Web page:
Alcohol problems include heavy drinking, that is, drinking over the recommended limits; harmful drinking where the amount of alcohol consumed is affecting the health of the individual; and dependant drinking where the individual feels they cannot function without alcohol. Alcohol is both psychologically and physically addictive.
People can drink too much alcohol because they are suffering from other mental health conditions such as depression, anxiety or stress. Or they may become depressed, anxious or stressed because of their level of alcohol consumption, which is a depressant in its own right, and may be caused by other factors from social pressures to life changes such as bereavement, divorce or redundancy.
Alcohol dependence can lead to an individual neglecting other activities, both social and work related. It can also lead to withdrawal symptoms such as nausea, sweating, shakiness, and anxiety when alcohol use is stopped for any period of time. Another symptom can be the increasing amounts of alcohol needed in order to feel the effects - called tolerance.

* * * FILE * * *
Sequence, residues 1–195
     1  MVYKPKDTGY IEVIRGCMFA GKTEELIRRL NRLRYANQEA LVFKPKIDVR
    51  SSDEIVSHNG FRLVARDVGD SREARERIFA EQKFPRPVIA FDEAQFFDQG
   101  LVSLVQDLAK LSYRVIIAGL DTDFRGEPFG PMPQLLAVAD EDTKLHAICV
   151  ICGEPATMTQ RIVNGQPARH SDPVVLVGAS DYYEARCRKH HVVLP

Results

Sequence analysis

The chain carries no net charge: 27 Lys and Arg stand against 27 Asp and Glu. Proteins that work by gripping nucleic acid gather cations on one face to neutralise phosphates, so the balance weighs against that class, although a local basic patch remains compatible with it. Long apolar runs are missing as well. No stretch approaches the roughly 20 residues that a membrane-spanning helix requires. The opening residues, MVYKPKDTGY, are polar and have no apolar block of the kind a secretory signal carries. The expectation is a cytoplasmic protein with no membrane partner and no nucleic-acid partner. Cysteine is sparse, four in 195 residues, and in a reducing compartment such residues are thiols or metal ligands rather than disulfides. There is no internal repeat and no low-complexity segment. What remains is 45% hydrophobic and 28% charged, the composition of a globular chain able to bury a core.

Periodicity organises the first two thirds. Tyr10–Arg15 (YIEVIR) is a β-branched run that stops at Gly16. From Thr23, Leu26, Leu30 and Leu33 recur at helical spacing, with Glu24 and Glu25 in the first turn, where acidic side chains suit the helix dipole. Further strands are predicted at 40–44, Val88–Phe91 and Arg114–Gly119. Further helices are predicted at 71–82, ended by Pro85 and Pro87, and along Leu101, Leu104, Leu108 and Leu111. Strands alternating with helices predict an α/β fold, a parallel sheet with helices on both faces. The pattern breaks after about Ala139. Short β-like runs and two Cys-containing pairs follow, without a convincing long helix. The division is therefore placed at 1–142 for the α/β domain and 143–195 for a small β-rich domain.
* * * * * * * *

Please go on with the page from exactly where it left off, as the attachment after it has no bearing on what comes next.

Treatment options depend on your alcohol use. If you are drinking hazardous or harmful amounts of alcohol, talking therapy sessions and support networks will be able to help you reduce your intake, or abstain completely. Attendance at Alcoholics Anonymous is frequently helpful.
If you are alcohol dependent, you will need a more intense period of detoxification and are likely to be prescribed medication as well as undertaking talking therapies.
If you are suffering from depression alongside your alcohol problems, it is important to treat the alcohol problem first and then tackle the depression if it does not improve after you have overcome your alcohol misuse.